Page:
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This article in JEQ

  1. Vol. 9 No. 3, p. 344-349
    Received: Oct 9, 1979

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Potential for Aflatoxin Contamination in Peanuts (Arachis hypogaea L.) Before and Soon After Harvest—A Review1

  1. A. C. Mixon2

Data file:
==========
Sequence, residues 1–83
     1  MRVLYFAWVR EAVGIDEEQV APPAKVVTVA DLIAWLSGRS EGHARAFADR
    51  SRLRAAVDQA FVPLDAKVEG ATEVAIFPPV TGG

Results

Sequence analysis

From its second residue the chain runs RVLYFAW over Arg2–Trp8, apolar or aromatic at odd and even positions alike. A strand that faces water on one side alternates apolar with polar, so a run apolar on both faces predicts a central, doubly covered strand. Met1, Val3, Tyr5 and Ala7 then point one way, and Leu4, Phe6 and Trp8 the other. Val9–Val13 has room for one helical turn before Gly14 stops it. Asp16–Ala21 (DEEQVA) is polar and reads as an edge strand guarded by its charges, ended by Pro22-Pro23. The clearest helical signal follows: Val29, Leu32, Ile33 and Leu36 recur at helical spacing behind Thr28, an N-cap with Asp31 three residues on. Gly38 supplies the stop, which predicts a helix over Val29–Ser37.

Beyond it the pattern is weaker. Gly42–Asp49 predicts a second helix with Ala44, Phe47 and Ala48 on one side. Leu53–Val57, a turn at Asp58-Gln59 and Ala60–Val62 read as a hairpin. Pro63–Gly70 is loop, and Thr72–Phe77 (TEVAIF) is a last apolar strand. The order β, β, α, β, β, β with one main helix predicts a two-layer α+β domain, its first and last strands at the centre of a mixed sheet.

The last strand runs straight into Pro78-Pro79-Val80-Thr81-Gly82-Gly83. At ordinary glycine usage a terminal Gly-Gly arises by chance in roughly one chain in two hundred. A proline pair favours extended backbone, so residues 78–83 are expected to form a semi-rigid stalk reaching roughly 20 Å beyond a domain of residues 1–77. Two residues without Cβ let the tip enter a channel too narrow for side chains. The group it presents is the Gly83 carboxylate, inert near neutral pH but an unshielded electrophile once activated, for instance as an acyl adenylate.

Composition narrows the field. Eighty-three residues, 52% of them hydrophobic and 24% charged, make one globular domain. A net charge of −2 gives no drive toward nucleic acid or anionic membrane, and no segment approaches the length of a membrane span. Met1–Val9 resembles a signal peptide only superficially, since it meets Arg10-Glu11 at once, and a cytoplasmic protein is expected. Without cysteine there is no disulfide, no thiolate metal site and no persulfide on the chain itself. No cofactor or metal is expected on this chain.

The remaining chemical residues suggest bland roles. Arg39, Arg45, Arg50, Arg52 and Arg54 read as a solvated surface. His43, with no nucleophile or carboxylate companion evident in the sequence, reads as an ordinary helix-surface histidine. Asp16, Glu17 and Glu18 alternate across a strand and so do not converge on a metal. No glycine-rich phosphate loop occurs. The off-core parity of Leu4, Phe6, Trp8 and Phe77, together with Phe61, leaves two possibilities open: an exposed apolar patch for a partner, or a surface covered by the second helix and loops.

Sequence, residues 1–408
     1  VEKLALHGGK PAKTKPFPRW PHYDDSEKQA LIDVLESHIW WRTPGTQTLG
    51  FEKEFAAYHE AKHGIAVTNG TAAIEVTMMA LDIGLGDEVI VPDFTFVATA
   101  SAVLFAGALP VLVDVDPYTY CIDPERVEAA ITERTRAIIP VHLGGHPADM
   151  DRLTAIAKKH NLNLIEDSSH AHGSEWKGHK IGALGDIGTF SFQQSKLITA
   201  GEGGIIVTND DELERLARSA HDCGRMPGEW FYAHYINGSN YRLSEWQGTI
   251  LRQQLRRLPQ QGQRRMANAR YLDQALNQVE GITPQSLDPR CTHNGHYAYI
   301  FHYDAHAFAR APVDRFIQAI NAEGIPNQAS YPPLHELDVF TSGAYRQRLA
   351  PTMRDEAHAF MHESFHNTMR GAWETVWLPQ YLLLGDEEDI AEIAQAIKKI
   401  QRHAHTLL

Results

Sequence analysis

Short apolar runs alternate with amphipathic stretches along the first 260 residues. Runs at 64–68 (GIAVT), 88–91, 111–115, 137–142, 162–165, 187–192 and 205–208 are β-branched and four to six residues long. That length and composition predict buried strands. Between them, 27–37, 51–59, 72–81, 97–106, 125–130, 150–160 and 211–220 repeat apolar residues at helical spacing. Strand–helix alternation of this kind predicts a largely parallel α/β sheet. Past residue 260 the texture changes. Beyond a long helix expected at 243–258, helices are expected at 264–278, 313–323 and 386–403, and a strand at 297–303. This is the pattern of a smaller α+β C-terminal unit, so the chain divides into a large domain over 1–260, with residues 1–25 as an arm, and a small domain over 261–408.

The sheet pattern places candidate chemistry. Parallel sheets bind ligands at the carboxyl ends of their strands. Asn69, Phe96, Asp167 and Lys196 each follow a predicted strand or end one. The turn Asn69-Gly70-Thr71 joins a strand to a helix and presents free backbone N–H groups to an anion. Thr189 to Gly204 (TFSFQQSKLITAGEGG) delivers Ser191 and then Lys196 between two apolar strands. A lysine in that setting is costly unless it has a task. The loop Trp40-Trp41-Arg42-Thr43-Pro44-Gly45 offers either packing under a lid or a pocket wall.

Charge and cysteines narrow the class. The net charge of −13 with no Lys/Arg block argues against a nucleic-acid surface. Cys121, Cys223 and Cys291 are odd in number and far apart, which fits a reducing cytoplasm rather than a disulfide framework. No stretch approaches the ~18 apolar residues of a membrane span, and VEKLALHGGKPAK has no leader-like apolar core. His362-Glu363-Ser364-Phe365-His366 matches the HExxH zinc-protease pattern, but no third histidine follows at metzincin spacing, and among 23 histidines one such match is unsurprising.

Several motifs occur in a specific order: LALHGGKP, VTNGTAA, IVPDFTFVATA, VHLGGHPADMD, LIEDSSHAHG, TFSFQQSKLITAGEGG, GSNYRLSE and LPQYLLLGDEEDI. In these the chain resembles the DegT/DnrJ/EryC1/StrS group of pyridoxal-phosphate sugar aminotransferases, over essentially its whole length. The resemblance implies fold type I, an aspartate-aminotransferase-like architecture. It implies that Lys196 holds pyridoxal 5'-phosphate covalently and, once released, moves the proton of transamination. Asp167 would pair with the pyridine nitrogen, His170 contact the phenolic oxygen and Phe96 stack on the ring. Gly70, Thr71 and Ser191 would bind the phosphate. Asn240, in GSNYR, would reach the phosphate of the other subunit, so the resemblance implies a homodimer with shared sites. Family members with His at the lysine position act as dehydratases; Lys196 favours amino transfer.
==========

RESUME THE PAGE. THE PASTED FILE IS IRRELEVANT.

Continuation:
Certain environmental conditions, microbial and biological activities, and genotypes of the peanut interact to influence the vulnerability of the peanut fruit to invasion by Aspergillus flavus Link ex Fr. and to the elaboration of alfatoxin during pod development and in the harvesting and drying period. Management procedures during this time may influence the degree of fungal invasion and alfatoxin contamination. Such procedures include: rotating peanuts with other crops that reduce the soil population of A. flavus; using cultural practices that remove plant residues from around peanut plants; preventing drought stress and biological and harvest mechanical damage; harvesting at optimum pod maturity; and continuous safe and rapid drying of peanuts after digging. The potential for using genotypes identified to be resistant to seed colonization by Aspergillus species for breeding agronomically suitable cultivars with resistance to the aflatoxin-producing fungus was explored. Factors found to be associated with resistance to fungal colonization of the peanut seed testa are cell structure, cell arranement, permeability, waxy surface, tannin content, and amino acid components. Field application of fungicides have not proven effective in controlling contamination by the fungus.

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